Where the plaintiff employee in Yarph v. Bowden Hospitality Newton LLC, et al. sought to add both the limited liability company that gave a hotel owner a license to do business and the LLC’s parent company to a lawsuit claiming that the hotel violated the Massachusetts Tips Act, the Business Litigation Session of Suffolk Superior Court ruled that the motion to add the franchisor defendants should be dismissed. The Court’s decision was based on the fact that neither entity had any control over or received any revenue from the alleged violation of the Massachusetts Tips Act.
A former employee of the Crowne Plaza Hotel in Newton, Massachusetts claimed the hotel violated the Massachusetts Tips Act by levying an eight percent “administrative charge” for functions where food or alcohol were served, not telling customers that the “administrative charge” was not a tip paid to servers, and keeping the monies collected instead of paying them to wait staff and service bartenders. The employee initially sued Bowden Hospitality Newton LLC (“Bowden”), which owned and operated the hotel. He then moved to amend his complaint and add Holiday Hospitality Franchising, LLC (“HHFL”), the entity that gave Bowden its license to do business as a Crowne Plaza Hotel, and its parent company, Six Continent Hotels, Inc. (“SCH”).
The Massachusetts Tips Act imposes a legal duty on an entity that collects a tip or service charge. The entity must pay the tip or service charge collected to wait staff, service employees and/or service bartenders and may not retain the tip or service charge or distribute it in any manner inconsistent with the Tips Act. An “administrative fee” may only be imposed instead of or in addition to a service charge if the entity informs the customer in writing that the fee does not represent a tip or service charge. If a written disclaimer is not provided to the customer, then the “administrative fee” must be treated as a service charge and distributed to wait staff, service employees and/or service bartenders. Entities that do not collect or retain any part of a tip or service charge have no duty to employees under the Tips Act.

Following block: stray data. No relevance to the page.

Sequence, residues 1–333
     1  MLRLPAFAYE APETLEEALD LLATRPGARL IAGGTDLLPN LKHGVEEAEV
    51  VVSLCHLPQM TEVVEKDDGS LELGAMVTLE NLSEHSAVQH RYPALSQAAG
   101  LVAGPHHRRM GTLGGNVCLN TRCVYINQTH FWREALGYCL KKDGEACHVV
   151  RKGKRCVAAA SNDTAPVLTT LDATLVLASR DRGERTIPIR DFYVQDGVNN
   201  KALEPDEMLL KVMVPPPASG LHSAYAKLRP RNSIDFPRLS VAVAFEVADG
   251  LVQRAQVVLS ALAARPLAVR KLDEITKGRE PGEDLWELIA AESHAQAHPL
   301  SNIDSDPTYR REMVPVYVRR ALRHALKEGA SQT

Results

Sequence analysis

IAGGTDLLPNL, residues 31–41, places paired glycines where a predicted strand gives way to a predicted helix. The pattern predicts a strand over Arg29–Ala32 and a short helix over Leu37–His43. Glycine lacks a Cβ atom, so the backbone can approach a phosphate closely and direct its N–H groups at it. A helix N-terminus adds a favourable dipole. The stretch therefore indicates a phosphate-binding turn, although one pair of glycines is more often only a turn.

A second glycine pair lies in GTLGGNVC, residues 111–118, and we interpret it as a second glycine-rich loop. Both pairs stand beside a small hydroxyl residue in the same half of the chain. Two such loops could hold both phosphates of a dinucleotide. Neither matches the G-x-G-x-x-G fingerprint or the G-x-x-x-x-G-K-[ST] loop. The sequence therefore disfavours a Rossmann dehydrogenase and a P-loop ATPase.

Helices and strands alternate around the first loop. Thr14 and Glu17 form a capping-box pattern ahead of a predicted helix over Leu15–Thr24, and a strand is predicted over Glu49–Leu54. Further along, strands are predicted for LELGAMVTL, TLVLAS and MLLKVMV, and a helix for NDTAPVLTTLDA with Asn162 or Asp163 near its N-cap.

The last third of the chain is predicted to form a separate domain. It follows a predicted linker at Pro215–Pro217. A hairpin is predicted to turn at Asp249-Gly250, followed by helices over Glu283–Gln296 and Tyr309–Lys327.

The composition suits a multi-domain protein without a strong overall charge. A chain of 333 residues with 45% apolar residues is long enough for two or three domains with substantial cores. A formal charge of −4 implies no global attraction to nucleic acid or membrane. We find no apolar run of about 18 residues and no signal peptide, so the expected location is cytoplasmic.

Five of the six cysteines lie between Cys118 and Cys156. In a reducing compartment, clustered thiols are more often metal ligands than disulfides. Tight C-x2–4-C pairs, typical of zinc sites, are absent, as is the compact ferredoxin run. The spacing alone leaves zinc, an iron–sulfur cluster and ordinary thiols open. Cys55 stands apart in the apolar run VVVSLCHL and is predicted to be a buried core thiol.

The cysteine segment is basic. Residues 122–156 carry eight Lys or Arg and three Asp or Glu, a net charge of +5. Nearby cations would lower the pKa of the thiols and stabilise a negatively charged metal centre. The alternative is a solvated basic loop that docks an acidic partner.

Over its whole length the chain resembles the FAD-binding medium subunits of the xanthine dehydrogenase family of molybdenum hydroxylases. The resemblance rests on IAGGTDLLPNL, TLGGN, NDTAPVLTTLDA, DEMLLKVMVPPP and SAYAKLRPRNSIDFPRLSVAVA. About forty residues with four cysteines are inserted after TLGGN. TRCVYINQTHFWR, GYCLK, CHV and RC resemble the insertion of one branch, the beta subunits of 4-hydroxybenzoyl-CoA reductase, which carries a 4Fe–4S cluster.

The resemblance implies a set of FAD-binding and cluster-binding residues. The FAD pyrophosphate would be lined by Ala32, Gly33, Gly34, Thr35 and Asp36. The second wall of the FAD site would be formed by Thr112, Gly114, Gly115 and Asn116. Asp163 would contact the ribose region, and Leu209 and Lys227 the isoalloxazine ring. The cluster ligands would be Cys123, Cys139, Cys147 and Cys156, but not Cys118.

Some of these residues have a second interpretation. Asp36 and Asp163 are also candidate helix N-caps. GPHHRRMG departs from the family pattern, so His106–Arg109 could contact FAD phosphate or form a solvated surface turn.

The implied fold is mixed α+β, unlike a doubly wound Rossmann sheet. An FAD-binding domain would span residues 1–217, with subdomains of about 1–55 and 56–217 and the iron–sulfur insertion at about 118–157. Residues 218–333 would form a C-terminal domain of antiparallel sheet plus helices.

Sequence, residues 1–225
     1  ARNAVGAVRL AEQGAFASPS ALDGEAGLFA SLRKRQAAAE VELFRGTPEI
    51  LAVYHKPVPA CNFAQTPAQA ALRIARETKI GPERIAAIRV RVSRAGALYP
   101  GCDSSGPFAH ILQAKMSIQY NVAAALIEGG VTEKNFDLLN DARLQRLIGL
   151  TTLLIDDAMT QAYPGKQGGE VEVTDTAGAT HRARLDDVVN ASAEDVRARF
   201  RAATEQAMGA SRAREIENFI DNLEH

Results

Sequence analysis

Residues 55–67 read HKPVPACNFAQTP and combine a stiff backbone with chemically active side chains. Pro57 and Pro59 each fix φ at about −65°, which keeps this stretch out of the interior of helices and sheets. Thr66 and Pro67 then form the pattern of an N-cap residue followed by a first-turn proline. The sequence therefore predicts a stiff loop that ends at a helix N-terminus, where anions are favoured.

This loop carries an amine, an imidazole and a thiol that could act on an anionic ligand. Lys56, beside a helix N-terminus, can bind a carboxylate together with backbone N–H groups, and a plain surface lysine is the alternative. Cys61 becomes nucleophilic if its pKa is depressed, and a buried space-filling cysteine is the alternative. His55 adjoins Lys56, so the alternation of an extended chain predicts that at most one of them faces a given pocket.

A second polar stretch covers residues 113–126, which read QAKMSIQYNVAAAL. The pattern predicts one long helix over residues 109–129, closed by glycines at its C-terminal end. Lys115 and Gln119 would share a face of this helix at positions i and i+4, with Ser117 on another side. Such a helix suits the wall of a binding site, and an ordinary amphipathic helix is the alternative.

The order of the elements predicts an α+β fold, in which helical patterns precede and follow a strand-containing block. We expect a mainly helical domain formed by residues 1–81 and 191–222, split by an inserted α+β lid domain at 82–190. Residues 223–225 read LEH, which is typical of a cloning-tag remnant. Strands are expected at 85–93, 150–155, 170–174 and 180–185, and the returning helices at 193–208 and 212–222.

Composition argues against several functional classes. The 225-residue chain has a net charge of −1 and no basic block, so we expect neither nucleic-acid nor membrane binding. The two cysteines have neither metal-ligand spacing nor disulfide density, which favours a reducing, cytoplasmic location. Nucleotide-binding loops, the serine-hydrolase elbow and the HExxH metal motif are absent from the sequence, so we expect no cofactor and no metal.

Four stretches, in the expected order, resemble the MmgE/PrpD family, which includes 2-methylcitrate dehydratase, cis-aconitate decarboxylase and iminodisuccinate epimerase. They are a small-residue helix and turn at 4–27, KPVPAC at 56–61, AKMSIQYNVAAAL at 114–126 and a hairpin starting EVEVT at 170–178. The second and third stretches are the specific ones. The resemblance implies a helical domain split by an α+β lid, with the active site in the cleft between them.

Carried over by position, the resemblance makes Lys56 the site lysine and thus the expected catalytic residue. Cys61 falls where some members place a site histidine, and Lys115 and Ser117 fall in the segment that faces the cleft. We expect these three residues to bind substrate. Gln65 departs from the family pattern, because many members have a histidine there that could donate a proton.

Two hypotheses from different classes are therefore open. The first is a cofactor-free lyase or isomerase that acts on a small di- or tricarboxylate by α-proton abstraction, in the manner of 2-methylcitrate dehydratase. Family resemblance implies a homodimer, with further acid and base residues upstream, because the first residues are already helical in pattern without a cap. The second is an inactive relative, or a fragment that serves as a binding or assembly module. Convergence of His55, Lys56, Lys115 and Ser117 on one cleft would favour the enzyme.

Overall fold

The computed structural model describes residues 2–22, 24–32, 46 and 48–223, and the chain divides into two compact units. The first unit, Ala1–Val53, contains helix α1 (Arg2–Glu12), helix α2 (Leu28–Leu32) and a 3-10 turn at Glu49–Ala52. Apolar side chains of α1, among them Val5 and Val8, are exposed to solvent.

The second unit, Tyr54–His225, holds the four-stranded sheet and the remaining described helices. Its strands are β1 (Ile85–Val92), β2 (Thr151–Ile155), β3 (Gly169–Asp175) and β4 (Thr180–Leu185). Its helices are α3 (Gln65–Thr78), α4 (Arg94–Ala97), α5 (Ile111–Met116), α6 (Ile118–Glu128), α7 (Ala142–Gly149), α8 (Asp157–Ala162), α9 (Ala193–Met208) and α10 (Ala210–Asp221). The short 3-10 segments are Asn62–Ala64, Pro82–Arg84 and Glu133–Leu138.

A franchisor is vicariously liable for the conduct of its franchisee only where the franchisor controls, or has a right to control, the specific policy or practice resulting in harm to the plaintiff. The Court held that the mere fact that HHFL received payments under its license agreement with Bowden did not make it liable for Bowden’s alleged violation of the Tips Act. Nothing in the statute imposes liability on franchisors or licensors that receive royalties paid from general net revenue of a hotel or other business that collects a service charge.
HHFL and SCH asserted that the employee had no standing to sue them. The Court found that HHFL and SCH did not own, operate, or control the hotel where the employee worked. They did not assess or collect any of the “administrative fee” at issue. They never told Bowden what or how to bill for its banquet and event services, nor did they have a right to do so. They had no control over whether and how Bowden assessed an “administrative fee” for its banquets and functions. And possibly most importantly, the Court found that neither HHFL nor SCH received any part of the revenue generated by Bowden’s alleged “administrative fee” or other revenue from banquet, event or function services. Based on those findings, the Court ruled that neither HHFL nor SCH ever owed the employee any duty under the Massachusetts Tips Act and, therefore, the employee lacked standing to assert claims against those two corporate entities.
This matter provides a lesson for both restaurant owners and diners alike. If you are a restaurant owner and charge an “administrative fee,” be sure that the “administrative fee” is properly disclosed to guests. If you are dining out, make sure you know who is entitled to receive a portion of the various line items on your check – tip, service charge and/or administrative fee.